In cities like New York City, some bemoan the sheer availability of dates. The dating apocalypse is happening, presumably, because there’s just so much of it. It is addictive to have a thumb-and-phone session and swipe right on a couple hundred people per day to get that instant gratification, that validation that someone also finds you attractive. And then keep on swiping to get the next fix. Sex is so easy to come by, it is almost strategic. (How many miles away is he? How long would it take me to get to her place if the F train is down?). Bartenders at trendy hotspots report seeing men come in with two different Tinder dates on the same night (Twitter threads about this have gone viral) and joke about serial daters. Tinderella and Tinderfella are actual terms being used to replace the vanishing Cinderellas and Prince Charmings of the world, in an age where more than one third of U.S. marriages begin online.


If all that doesn’t sound like great upsides, it’s because they’re perhaps not meant to be. Looking for and finding wiling hookups for some casual Netflix and chill may be run-of-the-mill city culture, but actively dating may also drive a hard bargain. A study by puts the yearly cost of dating at about $1,596, which averages out to a nice and affordable $30 date each week. Cut down on your afternoon iced caramel macchiato and you’re all set to get your dating groove going. But that’s pocket change compared to what singles are spending in large cities to go on dates. According to statistics released by Deutsche Bank, a cheap date in New York City will cost your wallet the criminal amount of almost $135 for the both of you. This cheap date would have all the makings of a traditional date: a cab ride, pub fare dinner and a Coke, a couple beers, and tickets to a Nancy Meyers movie. Replace the pub with any restaurant where you have to put a cloth napkin on your lap and your IRA might as well become your dating fund. Zurich, by the way, is the most expensive city to date where the same outing will cost a felonious $194.



Head on over to the Canadian border, 350 miles north of the Big Apple to rural New York, and Tinder is as useful as the Compass app on your iPhone (in New York City you figure out where north is by recognizing your architectural landmarks, and in the North Country knowing your cardinal points is just an innate ability you are born with).


Rural dating, some argue, can actually give you an even bigger ego boost than the endless parade of notifications from Hinge matches you get in The CityÔ. This is apparently because you get hit on a lot, given the general lack of options. And you don’t even need model good looks – just an interesting job and an unfamiliar face. So going home for the holidays can have its benefits after all, when home is a hamlet of 700 people. The downside is, of course, that same general lack of options. When the Tinder red dot radar blinks and blinks and blinks and simply fails to find matches in your rural hometown, there’s just no point in using it.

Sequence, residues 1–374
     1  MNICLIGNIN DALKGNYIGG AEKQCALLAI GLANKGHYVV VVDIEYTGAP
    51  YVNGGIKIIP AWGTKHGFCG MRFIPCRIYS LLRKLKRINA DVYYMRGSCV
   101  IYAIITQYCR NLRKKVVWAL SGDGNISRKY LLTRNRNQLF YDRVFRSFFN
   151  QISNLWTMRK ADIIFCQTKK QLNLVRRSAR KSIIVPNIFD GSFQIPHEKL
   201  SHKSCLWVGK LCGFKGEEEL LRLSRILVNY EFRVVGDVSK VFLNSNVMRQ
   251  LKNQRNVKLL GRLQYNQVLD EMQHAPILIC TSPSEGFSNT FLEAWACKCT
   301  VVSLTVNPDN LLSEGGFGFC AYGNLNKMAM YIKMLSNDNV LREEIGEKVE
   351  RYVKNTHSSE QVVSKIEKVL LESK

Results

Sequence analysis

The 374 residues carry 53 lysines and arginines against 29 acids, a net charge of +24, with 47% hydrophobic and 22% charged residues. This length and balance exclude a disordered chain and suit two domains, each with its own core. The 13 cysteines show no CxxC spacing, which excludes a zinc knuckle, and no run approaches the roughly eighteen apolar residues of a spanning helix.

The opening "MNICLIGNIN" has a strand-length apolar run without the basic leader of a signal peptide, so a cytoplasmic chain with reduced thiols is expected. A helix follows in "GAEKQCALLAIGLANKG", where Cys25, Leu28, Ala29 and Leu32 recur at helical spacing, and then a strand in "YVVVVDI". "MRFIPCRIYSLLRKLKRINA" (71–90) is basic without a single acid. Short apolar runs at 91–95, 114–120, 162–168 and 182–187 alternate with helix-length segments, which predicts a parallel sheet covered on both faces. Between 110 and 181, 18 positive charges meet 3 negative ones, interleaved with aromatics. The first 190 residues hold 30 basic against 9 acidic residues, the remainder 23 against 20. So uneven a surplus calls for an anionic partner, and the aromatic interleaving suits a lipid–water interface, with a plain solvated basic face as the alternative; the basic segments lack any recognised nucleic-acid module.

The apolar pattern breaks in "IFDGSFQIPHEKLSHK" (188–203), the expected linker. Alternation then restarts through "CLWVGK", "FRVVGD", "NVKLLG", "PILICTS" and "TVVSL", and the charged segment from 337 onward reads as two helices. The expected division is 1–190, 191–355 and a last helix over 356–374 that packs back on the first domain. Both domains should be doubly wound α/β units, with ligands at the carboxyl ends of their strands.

In urban areas like New York City, where Flatbush feels like it’s an entire astral plane away from Harlem but in actuality the subway will get you there in 40 minutes, one of the appeals is that your future Mr. Husband is indeed just a train ride and an eight-minute walk away. But rural daters tend to cast a wide radius to find their significant others. If you’re in Wilkes-Barre, PA the closest major city—Philadelphia and its surrounding suburbs—is a good two hours drive away. But that’s the net you have to hurl if you’re on OkCupid looking for your Tinderfella. Otherwise, as many point out, when you visit your hometown you’re suddenly in an alternate reality where you’re swiping on the Tinder profiles of the same people who are your Facebook friends.


And for LGBTQ people, dating in rural areas can not only turn up nil in terms of matches, it can be unsafe. Online apps are making a huge splash in queer dating in rural areas, and niche apps like Her and Surge offer a “safe” space dedicated to gay dating, but the number of users is nowhere near what you’d find on Grindr in Los Angeles. Transgender men and women, meanwhile, still relied on the now defunct “Casual Encounters” section of Craigslist to find F-to-M or M-to-F friendly partners. Gay-friendly bars and clubs, then, still play a major role in meeting other queer persons in the landlocked heartland of the U.S. But even in states like Iowa, which is considered gay-friendly by Midwestern standards, the entire state has only a tenth the number of gay bars that New York City boasts. Sioux Falls, SD, only has apparently one gay-friendly bar.


But like it or not, online dating is here to stay. Heavy use of social media has been linked, ironically, to loneliness and feelings of isolation, but in 2017 the Internet was not only the #1 place where people met their first date, but more than half of U.S. singles have tried online dating. And (because of course) there are generational values to consider. 22 percent of millennials are more likely to believe that technology has made finding love more difficult. That doesn’t necessarily mean they’re not online dating. Resilient as they can be, millennials are also 57 percent more likely to be active on an online dating site than other generations. Meanwhile, 68 percent of men overall what to date for the purpose of finding love, as opposed to 12 percent who only want to date casually.


As impersonal as it may seem, you can indeed find your next date with the swipe of a finger. Whether that comes with a steep price—the price of romance—depends on just how we are defining romance nowadays. Getting hit on at the bar, the laundromat, or the gym is a big ego boost if you’ve grown used to Tinder exchanges and Grindr hit-it-and-quit-it meet-ups. But outside urban areas, you’re probably going to be getting physically picked up at your house and have your dinner paid for. The price of romance, then, seems to be relative.   


Author Bio:


Angelo Franco is Highbrow Magazine’s chief features writer.


For Highbrow Magazine